Audit criticises financial practices at Galway anti-poverty group

Internal audit finds company paid contractors without invoices being received

Auditors found Galway City Partnership’s accounting system ‘may not be fit for purpose’. Photograph: iStock

Auditors found Galway City Partnership’s accounting system ‘may not be fit for purpose’. Photograph: iStock

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A predominantly State-funded company set up to tackle poverty in Galway made payments to contractors without receiving invoices, breached public procurement rules and did not regularly maintain accounting ledgers, an internal audit found.

Auditors found Galway City Partnership’s accounting system “may not be fit for purpose” and identified several weaknesses, which it said risked exposing the organisation to financial loss.

The community development company, based in Galway city, runs a number of programmes to support disadvantaged communities and tackle unemployment. It is mostly funded by grants from Government departments.

An internal audit, completed in February 2020, found a number of serious weaknesses in the organisation’s financial controls.

The company’s general accounting ledgers were “not maintained on an ongoing basis”, and discrepancies between spending and allocated budgets were not tracked, it said.

One supplier had been providing services to the company for a number of years, “bypassing procurement procedures”, the audit said.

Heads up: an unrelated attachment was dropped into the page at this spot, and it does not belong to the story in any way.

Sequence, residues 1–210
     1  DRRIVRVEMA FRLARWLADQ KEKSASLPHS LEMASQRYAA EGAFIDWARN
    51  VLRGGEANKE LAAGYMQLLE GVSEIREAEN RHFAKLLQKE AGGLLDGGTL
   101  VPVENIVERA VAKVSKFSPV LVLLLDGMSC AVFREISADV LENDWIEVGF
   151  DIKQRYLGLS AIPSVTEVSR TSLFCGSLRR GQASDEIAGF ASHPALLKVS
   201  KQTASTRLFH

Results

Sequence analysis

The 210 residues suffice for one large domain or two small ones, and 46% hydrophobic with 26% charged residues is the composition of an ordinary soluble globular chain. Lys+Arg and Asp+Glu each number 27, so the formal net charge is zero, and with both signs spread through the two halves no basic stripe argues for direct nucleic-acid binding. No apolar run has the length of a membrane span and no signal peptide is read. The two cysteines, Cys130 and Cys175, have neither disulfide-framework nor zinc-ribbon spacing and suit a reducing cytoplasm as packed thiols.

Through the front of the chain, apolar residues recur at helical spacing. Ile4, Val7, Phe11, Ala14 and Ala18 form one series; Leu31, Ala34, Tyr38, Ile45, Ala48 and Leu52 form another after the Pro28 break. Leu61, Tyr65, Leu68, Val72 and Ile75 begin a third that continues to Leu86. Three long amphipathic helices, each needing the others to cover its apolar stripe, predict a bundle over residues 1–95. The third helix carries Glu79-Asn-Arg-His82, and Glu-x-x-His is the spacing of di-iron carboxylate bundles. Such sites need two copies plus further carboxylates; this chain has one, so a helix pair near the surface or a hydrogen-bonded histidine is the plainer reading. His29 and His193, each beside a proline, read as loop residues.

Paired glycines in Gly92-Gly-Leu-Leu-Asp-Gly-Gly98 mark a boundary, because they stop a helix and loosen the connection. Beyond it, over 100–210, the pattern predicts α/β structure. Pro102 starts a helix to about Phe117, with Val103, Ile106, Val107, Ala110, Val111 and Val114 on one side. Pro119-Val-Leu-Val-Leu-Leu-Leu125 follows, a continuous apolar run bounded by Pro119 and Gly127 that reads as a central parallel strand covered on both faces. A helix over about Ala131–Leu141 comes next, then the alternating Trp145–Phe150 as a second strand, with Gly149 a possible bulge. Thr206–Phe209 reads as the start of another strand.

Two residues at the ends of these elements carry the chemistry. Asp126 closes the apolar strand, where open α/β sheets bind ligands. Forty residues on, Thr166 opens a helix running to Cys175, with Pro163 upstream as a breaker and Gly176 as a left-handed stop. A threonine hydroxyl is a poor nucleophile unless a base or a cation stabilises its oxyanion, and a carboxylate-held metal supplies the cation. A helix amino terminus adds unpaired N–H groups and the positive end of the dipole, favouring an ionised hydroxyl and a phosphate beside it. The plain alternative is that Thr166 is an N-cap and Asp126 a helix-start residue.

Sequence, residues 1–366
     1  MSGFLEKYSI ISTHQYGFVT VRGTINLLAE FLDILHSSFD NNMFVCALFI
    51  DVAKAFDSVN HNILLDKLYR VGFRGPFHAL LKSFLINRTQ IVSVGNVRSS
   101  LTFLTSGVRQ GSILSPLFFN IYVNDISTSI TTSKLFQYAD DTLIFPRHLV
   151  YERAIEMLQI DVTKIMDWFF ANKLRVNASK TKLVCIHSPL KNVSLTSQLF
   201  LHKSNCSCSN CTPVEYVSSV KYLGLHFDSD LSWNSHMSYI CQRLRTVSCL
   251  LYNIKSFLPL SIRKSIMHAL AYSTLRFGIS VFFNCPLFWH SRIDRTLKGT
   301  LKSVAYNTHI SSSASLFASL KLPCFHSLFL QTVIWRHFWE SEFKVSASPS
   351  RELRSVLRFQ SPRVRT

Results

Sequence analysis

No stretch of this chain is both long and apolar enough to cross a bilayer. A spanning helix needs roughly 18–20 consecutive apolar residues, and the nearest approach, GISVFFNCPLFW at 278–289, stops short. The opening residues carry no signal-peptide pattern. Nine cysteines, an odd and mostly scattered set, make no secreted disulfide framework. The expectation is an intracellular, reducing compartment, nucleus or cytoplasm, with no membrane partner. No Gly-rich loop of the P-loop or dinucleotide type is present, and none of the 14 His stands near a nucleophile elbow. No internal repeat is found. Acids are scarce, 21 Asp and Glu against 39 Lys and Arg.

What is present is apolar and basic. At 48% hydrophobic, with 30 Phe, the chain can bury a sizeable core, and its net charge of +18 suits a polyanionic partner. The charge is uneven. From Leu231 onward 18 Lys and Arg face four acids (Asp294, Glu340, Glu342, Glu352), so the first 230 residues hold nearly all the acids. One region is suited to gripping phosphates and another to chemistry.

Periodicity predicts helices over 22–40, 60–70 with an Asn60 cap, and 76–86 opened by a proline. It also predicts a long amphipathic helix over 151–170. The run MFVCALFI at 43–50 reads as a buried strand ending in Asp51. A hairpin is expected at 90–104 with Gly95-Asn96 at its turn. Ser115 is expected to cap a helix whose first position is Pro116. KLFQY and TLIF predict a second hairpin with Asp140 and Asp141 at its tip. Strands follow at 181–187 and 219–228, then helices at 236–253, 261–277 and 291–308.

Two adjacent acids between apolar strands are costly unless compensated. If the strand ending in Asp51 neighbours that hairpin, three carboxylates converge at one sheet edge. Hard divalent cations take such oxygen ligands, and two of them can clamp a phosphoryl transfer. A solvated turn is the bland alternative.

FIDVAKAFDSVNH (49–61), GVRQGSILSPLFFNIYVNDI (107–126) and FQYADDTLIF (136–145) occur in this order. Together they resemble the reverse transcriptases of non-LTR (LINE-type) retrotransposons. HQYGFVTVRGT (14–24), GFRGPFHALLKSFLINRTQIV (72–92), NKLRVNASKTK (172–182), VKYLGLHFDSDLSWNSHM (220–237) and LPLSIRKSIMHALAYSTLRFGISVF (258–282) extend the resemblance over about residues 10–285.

In two other cases contracts for research were awarded “bypassing any quotation process”, it said.


Where public funds are involved, contracts worth more than €25,000 must be put out to a competitive tender process, where suppliers can bid for the contract.

In cases below that threshold organisations are required to seek quotes from a number of suppliers before awarding a contract.

The audit found Galway City Partnership was not keeping a ledger tracking the value of ongoing contracts, to ensure none went above the limit requiring a tendering process.

“Usage of the accounting system in Galway City Partnership may not be fit for purpose,” the auditors said.

The internal audit, conducted by Crowleys DFK accountants, also criticised instances where payments were made without invoices being received.

In response, Galway City Partnership told the auditors the payments “were part of a research contract and as such no invoices were received”.

However, the auditors noted: “There is no audit trail to confirm that the services paid had been rendered prior to payments, or that due consideration had been given prior to approving the payments.”

In another instance, a credit card requisition form was requested and approved by the same person, the audit found.

The internal audit was released to The Irish Times following a request under the Freedom of Information Act.

High-risk weaknesses

The report identified five high-risk weaknesses and concluded assurances that could be placed on the company’s financial controls were limited.

“Our assessment noted weaknesses in Galway City Partnership design and operation of internal controls. These weaknesses may potentially expose the entity to risk, or result in a financial loss,” the audit said.

“Our review noted that accounting ledgers are not maintained on a regular or timely basis. As a result, available information to confirm compliance to industry regulations are limited,” it said.

The audit was undertaken to provide assurances as the company was the provider of a local social inclusion programme, funded by the Department of Rural and Community Development.

Declan Brassil, Galway City Partnership chief executive, said it had agreed a number of actions following the audit, which were now in place.

The company, which received €1.9 million in State funds last year, was in compliance with procurement guidelines, he said.

“All audits, by their nature, find some issues and we welcome recommendations made as we continuously seek to improve on our systems,” Mr Brassil said.